Planer Infeed Roller Marks
I bought my machine used with condition issues. I bought it from a guy who makes custom drawers. He couldn't make it feed right and was forcing boards through with brute force. I replaced infeed and outfeed rollers and bushings, and bought the low speed gear and chain. The machine wouldn’t feed at all when I re-assembled it to the manual's specs. I think there is a misprint in the manual. It indicates that the infeed roller should be .004" below the knives and that is not near enough. I go .040 and back off the pressure to the rollers. I had a similar planer before and the manual for it indicated .040".
I also wax my table with Johnson Paste Wax regularly and make sure wax and pitch haven't built up on the lower rollers. Originally the planer had a smooth infeed roller which I still have. It has damage to the keyway and bearing surfaces which could be repaired by a machine shop for about the same price as a new roller. I keep it to remind me to oil my bushings! This planer is mostly known for random chip dent. You will find many long threads on that issue if you search.
From the original questioner:
Reducing the infeed roller's spring tension per your advice (without necessarily changing its height setting) seems like it will solve my problem for edges and softer species. I'm going to aim at minimal tension to suit my normal light work, since it shouldn't be difficult to crank the tension back up if necessary for rougher/heavier work. With your machine setup, are you able to remove less than 1/32" from an edge without leaving roller marks? (BTW, I notice that my manual has the same typo for the recommended infeed roller height; it should read ".040," not .004). Finally, I called Powermatic and the tech recommended .032".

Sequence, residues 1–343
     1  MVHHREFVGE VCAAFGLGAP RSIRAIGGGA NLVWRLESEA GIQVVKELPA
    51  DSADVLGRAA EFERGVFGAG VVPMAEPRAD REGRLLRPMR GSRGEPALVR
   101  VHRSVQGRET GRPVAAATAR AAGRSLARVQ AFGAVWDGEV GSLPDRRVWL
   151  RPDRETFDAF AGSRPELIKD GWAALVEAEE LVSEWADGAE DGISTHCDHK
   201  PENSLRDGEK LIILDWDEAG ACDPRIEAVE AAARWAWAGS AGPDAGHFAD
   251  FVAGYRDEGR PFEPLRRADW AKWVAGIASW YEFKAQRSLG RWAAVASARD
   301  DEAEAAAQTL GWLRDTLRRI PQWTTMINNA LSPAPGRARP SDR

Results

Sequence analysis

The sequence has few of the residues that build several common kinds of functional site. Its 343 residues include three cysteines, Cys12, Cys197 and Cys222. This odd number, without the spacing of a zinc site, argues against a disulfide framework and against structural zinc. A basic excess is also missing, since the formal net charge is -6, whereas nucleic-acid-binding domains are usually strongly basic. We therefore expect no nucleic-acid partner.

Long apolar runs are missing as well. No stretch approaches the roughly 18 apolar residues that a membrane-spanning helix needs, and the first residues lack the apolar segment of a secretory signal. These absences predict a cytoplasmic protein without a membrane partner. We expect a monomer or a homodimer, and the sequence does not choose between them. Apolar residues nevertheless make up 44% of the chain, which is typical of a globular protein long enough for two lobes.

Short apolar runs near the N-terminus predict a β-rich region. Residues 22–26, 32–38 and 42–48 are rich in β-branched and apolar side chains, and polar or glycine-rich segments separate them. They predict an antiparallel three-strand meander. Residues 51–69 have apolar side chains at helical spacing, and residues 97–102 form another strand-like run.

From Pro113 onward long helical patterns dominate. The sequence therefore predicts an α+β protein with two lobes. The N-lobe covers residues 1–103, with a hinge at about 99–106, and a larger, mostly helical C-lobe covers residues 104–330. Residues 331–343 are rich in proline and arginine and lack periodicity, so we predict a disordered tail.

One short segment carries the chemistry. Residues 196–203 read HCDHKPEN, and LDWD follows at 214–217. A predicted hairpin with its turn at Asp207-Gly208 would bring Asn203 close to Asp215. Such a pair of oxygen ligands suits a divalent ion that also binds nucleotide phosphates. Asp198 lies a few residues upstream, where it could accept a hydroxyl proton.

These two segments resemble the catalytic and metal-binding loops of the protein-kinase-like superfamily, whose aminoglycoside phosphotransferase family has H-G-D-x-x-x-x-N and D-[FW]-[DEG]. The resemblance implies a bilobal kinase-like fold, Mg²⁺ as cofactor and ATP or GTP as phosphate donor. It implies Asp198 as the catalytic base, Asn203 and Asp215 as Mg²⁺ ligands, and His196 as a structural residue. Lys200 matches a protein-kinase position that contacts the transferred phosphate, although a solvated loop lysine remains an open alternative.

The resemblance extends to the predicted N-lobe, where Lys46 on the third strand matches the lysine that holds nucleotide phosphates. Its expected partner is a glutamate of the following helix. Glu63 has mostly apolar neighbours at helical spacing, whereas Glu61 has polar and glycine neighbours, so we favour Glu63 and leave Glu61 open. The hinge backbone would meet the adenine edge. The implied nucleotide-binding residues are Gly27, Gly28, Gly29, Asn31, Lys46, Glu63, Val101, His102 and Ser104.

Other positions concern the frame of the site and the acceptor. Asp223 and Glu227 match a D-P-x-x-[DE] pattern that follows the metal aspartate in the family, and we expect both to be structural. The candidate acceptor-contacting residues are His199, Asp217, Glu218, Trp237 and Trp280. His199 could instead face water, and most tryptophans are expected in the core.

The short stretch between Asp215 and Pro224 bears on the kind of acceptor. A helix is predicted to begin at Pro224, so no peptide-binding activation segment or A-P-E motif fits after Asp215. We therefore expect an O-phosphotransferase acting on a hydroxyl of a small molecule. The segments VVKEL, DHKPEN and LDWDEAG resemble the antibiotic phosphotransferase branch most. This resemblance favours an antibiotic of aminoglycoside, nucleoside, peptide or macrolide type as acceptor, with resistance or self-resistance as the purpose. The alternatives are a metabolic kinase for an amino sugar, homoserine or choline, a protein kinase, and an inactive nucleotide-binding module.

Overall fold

From the original questioner:
To contributor W: Following up - Success: Reducing the infeed roller tension to the furthest possible extent has retained adequate feed strength for my normal work (both faces and edges, hardwoods and soft) while allowing removal of as little as .004" from a 3/4" softwood edge without leaving residual roller marks.
To reach the absolute minimum tension at the existing roller height setting, I first removed the adjusting bolts completely, at which point one can reach under and lift the roller by hand to assure that each end is free to slide up and down smoothly. I also removed the springs to be sure they and their housings were clean. I then re-inserted the springs and carefully tightened down the adjusting bolts until they just made contact with the (fully expanded) springs. I determined this contact by raising up on the roller from underneath until there was no play.
As a minor note, there was considerable difference in the thickness of the casting where the bolts are tapped on my machine. When identically adjusted for minimum tension per above, both bolts protrude significantly from the casting, one of them by almost 3/16" more than the other.
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